In one sense, witches are right about the antiquity of some of their beliefs and practices. The belief that human beings are or can become divine is a good example. In the first book of the Bible (Gen. 3:5) we find the original proposal -- made by the serpent -- of the idea that we could become "like God." But Scripture emphatically states that there is only one being who is God (Deut. 6:4; 32:39; Isa. 43:10-11; 44:6-8; 45:5-6, 14, 22; 46:9; Jer. 10:10-11; Mark 12:29-31; 1 Tim. 2:5; James 2:19). Though there are many so-called gods or goddesses -- in the sense that people worship entities conceived by their imaginations -- there is only one God by nature (1 Cor. 8:4-5; 10:20; Gal. 4:8). As one astute observer remarked: "There are two foundational facts of human enlightenment: (1) There is a God; and (2) You are not He."

Humankind has not only demonstrated a great proclivity towards self-deification, it has also been strongly inclined to confuse God's creation (or His creative process) for the Creator Himself (Rom. 1:21-25). This is certainly the case with those entangled in the teachings of modern witchcraft.

Some witches have actually tried to reconcile the above passages and others with their own practices. Nonetheless, the Bible -- particularly in the original languages -- renders any such maneuvering futile.[5] We therefore ask that witches at least acknowledge that the Bible in no sense condones their practices, but rather expressly condemns them.

The Source of the Force
Like a drunkard who continually returns to the bottle, so mankind's bent toward self-deification and creation worship has been irrepressible, as has been its blindness towards its own deplorable predicament due to the ravaging effects of sin. To wit, witches are deceived not only about the inherent falsity of their often sincerely held beliefs (see Prov. 14:12), but as well about the source of their misguided belief system. Despite what witches claim, witchcraft originates from Satan -- the "father of lies" and the "god of this world," and from man's corrupt nature. Thus, though witches do not acknowledge the Devil's existence, they are nonetheless (all the more so) trapped in the talons of his tyrannical grip (2 Tim. 2:25-26).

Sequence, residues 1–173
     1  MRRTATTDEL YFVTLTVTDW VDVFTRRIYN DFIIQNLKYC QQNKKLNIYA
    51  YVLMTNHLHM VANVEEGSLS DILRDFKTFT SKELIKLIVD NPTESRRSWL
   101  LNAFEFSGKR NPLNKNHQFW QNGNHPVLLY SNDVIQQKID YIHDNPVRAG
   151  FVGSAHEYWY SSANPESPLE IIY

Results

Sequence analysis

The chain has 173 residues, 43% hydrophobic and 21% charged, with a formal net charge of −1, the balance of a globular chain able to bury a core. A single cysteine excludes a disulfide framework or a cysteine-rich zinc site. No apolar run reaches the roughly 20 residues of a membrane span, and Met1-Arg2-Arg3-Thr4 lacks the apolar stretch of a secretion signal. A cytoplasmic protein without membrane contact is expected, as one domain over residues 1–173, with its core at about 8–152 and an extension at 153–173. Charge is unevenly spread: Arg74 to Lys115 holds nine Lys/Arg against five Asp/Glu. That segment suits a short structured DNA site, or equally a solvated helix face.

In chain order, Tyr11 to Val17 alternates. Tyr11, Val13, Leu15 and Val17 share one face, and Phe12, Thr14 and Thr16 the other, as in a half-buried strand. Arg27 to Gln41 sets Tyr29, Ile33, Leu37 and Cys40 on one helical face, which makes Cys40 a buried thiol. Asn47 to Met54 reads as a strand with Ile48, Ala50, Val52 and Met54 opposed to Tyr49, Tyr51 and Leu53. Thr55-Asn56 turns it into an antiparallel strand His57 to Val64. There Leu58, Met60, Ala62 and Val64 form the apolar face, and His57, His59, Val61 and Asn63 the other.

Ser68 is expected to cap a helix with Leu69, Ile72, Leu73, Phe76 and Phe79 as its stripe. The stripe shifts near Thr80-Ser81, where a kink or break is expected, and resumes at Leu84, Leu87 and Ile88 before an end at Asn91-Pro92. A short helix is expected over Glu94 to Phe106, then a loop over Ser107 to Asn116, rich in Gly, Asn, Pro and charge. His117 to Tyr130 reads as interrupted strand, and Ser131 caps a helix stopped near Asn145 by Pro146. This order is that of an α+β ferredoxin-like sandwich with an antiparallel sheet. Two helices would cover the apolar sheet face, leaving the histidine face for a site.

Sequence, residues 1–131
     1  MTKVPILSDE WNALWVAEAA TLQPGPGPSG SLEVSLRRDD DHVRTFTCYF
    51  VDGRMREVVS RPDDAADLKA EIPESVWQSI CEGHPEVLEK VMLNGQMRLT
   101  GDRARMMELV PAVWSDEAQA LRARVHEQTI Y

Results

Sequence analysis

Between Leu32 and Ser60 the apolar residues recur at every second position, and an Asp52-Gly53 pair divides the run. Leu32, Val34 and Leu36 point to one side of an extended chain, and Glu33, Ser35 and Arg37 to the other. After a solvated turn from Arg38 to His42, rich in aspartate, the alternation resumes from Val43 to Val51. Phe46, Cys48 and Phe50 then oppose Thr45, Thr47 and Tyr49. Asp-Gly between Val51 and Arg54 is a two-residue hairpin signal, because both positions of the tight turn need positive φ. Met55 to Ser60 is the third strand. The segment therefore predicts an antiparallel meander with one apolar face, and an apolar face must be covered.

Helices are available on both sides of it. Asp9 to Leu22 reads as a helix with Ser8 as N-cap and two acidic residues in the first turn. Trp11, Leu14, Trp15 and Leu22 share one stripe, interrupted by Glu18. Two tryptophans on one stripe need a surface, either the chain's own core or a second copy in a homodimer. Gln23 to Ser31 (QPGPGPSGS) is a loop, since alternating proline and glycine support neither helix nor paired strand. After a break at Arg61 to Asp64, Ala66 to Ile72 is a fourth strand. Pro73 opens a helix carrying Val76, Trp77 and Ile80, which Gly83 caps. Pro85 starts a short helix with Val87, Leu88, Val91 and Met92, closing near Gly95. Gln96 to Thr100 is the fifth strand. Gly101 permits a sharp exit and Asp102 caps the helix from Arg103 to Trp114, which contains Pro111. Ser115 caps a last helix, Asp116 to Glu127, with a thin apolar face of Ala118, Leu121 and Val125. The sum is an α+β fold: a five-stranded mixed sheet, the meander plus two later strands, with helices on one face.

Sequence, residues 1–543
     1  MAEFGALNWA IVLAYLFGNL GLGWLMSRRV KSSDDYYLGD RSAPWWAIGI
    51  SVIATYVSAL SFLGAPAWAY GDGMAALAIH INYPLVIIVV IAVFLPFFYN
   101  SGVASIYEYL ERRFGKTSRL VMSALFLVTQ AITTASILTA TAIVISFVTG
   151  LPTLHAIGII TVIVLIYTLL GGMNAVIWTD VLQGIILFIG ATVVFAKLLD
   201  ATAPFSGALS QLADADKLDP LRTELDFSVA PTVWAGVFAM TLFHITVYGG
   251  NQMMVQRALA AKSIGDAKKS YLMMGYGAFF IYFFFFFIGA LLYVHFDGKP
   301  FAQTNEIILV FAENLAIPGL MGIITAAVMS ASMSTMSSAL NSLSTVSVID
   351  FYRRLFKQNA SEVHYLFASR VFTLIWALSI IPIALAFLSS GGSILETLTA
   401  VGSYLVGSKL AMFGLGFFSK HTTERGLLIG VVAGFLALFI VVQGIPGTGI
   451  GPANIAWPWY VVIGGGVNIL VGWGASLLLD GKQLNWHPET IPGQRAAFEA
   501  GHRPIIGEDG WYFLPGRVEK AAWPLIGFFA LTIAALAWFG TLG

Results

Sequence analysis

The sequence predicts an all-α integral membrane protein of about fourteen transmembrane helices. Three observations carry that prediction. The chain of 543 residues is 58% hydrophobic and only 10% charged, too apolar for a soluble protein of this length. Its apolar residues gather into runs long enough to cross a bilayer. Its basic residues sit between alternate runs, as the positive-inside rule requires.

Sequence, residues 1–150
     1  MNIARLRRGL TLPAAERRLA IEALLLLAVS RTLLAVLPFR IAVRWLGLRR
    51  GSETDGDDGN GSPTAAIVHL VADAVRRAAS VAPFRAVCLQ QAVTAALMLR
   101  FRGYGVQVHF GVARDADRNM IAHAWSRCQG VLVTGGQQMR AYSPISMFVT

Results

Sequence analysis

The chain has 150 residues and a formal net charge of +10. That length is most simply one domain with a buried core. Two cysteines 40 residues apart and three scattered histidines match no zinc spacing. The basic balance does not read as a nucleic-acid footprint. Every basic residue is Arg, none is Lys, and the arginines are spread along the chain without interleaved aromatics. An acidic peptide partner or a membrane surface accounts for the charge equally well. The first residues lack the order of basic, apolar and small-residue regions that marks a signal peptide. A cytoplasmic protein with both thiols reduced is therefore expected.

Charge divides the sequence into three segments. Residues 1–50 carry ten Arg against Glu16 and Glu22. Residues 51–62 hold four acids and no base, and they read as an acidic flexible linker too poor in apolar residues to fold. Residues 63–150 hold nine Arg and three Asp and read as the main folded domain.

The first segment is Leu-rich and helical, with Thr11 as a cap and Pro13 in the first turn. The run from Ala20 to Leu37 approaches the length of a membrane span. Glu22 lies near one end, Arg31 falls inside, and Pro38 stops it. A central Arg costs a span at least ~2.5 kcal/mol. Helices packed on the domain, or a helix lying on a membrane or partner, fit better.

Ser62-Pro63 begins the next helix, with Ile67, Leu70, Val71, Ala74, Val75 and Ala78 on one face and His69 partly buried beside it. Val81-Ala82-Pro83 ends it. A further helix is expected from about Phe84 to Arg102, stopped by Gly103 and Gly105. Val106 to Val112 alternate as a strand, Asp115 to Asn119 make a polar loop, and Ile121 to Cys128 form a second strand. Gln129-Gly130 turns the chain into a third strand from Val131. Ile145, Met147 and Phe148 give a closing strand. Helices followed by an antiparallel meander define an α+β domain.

To witches who believe that magic is a natural, neutral force or power, Christians reply that it is rather empowered by "the prince of the power of the air that now works in the children of disobedience" (Eph. 2:2).

As such, whether witches acknowledge it or not, all occultism involves interaction and trafficking with demonic spirits (see Lev. 17:7; 20:6; Deut. 32:17; Ps. 106:36-39; 1 Cor. 10:20-21; Rev. 9:20-21).[6] As W. Foerster comments, "For Paul witchcraft is meddling with demons....But there can also be intercourse with demons in the normal heathen cultus (1 C. 10:20f.)....While idols are nothing...demons stand behind paganism."[7] Or, as Bietenhard informs us, "Since dealing with demons lies behind sorcery...it is rejected (Gal. 5:20)....Heathen worship brings men into contact with demons (1 Cor. 10:20f.), for demons stand behind paganism in general (Rev. 9:20)."[8]

This is why occultism in all its forms is condemned in the Bible. Occultists therefore fall under the judgment of God for participating in such inexcusable activities (Rom. 1:18-25; Eph. 4:18-19; Rev. 21:8; 22:15).

Since witches generally do not accept the Bible, and because there are other inherent weaknesses and failings in their world view -- metaphysical, epistemological, and ethical -- we can and should critique witchcraft in these areas as well. This I shall do in the remainder of this article.

In Part One I discussed the importance of polytheism as understood by witches and the related concept of an "open" metaphysic -- that is, the position that there are multiple levels of and meanings to reality. This is expressed in the belief that there is "no one way or right religion for all," and no "one truth."[9] We are told by witches that all religions lead in the same direction; they simply take different paths to get there.